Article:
Efforts to try to make business more about long-term outcomes, rather than short-term speculation have gathered pace in recent years, but policymakers should be looking more at family businesses for answers on how to develop a long-term approach to business.
Lawrence Summers, the former US treasury secretary and Harvard professor, wants global capitalism to be more about long-term outcomes for all stakeholders in the business. In a recent column for the Financial Times he said: “The goal is for companies and shareholders to operate with longer horizons…” Hillary Clinton, running to be the next president of the US, is looking at taxing short-term investors more to try to encourage long-term investing. And a new pressure group, backed by heavyweights from the world of business and politics called the Coalition of Inclusive Capitalism is pushing the case for businesses to think more about long-term outcomes. The movement towards businesses being more about the long term is gathering pace, and this is to be welcomed.
But more needs to be done to promote family businesses as part of this long-termism thinking. So far, it would appear, much of the effort is being concentrated on the listed sector, where moves like Clinton’s tax idea are effectively aimed at stock market investors. And other initiatives are about ending quarterly, or even bi-annual stock market reporting for listed firms – again, the listed sector.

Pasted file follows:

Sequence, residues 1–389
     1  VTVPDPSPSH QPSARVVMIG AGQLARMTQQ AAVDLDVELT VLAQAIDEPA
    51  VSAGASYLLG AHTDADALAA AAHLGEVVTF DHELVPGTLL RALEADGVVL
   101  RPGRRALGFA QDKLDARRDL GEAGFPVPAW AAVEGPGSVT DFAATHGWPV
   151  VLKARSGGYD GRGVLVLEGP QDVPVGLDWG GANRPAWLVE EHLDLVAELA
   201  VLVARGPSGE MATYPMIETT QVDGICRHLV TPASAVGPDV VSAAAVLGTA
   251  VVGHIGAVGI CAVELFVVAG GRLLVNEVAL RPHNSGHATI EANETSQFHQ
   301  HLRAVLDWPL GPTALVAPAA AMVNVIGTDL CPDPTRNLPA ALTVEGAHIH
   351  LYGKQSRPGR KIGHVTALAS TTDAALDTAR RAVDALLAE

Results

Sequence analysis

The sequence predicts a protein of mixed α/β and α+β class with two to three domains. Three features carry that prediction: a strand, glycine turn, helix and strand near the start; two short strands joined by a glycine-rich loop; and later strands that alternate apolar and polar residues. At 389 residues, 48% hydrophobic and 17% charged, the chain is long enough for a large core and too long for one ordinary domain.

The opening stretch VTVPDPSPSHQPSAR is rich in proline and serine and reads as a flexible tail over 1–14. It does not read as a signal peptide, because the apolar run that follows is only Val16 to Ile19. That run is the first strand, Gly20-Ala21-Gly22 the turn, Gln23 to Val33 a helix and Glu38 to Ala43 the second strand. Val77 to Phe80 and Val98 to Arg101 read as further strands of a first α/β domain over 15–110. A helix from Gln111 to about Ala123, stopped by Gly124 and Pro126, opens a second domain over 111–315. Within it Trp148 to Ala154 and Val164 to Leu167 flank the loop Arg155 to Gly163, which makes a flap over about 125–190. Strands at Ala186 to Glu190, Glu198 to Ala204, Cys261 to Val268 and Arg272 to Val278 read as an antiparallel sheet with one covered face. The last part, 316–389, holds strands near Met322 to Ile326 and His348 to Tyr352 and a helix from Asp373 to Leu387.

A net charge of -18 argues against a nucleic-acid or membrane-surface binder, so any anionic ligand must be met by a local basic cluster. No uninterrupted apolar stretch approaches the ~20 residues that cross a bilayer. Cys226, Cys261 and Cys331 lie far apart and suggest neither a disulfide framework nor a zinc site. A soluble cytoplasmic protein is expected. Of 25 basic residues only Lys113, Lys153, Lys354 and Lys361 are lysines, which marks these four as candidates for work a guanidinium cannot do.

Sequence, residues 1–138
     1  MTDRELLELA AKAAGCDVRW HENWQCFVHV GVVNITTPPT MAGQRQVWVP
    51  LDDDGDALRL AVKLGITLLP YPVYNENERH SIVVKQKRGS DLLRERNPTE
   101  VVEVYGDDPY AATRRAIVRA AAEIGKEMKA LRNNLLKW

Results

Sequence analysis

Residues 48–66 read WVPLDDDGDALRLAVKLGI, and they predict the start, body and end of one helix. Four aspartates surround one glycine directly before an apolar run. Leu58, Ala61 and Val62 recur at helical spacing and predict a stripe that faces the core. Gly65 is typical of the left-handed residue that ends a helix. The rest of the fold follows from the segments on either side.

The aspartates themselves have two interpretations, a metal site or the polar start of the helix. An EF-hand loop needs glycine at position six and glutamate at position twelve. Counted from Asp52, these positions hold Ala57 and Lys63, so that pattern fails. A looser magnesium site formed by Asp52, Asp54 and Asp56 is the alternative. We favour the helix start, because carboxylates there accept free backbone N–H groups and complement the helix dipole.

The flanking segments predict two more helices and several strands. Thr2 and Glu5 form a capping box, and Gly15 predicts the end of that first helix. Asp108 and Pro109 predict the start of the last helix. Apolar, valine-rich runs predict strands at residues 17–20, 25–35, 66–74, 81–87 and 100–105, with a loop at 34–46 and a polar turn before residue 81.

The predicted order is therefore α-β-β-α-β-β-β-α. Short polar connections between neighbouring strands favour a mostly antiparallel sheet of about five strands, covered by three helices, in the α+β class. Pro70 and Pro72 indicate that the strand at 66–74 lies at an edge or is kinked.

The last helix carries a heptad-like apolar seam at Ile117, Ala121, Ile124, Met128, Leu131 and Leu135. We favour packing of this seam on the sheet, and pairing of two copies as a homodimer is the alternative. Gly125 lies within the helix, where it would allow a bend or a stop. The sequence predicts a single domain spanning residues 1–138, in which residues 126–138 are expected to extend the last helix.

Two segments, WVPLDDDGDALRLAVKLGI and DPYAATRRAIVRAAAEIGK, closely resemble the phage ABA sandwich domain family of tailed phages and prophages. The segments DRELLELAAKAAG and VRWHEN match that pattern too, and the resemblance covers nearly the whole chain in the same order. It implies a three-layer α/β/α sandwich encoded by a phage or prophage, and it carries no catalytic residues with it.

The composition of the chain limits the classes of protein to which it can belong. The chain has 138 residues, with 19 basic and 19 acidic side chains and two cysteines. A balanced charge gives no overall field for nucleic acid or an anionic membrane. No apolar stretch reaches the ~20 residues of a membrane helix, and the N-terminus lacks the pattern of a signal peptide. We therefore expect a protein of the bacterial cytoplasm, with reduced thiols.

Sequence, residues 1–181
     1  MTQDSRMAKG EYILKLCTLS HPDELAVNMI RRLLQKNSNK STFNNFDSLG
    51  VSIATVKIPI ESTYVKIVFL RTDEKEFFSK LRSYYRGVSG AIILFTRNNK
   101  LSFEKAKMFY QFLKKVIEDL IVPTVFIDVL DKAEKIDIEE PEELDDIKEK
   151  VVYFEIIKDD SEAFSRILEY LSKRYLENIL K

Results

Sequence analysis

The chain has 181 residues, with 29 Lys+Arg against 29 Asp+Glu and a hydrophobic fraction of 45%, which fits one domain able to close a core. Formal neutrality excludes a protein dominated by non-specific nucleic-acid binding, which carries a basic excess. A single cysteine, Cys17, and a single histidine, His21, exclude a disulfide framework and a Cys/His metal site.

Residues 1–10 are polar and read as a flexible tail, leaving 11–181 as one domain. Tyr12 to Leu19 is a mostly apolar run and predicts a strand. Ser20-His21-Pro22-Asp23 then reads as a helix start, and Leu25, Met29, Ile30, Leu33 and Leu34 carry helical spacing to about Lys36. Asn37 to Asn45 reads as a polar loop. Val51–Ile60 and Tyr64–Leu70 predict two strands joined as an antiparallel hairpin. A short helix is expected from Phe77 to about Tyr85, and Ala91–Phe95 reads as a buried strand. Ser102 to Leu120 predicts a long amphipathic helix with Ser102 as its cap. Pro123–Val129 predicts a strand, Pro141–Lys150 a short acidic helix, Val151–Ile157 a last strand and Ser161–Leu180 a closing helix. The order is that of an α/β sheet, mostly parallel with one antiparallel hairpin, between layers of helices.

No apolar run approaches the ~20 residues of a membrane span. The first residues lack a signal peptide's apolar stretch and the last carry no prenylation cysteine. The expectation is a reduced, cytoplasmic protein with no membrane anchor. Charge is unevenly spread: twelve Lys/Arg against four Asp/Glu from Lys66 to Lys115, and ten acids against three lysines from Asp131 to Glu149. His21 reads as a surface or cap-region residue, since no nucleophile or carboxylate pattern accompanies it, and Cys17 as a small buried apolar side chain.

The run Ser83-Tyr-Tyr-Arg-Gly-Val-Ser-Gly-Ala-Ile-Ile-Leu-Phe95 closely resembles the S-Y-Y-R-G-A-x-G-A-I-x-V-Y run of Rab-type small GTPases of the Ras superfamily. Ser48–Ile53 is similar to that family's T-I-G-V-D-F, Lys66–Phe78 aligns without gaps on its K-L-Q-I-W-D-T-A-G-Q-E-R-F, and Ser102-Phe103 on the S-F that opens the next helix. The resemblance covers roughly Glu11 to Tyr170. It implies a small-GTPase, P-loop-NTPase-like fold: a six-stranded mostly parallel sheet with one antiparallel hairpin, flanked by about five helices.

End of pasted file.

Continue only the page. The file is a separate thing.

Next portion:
Most family businesses, listed or not, will agree with efforts to cut short-term speculative investing. Nevertheless, they want to see more action on tax relief for debt finance – and some are advocating tax breaks for equity holders like themselves. They argue the carried interest tax advantage for private equity firms and hedge funds should be cut, if not completely abolished.
Also, say family business groups, most of those advocating long-termism talk little about giving family firms, which have been about long-term for years, tax breaks. Groups like European Family Business in Brussels say equity ownership should be given greater recognition, if not, tax benefits.
So, maybe it’s about time policymakers also start listening to family businesses when they are advocating businesses adopt long-termism. After all, many family businesses have been quietly following such an approach for years – and getting little recognition for doing so.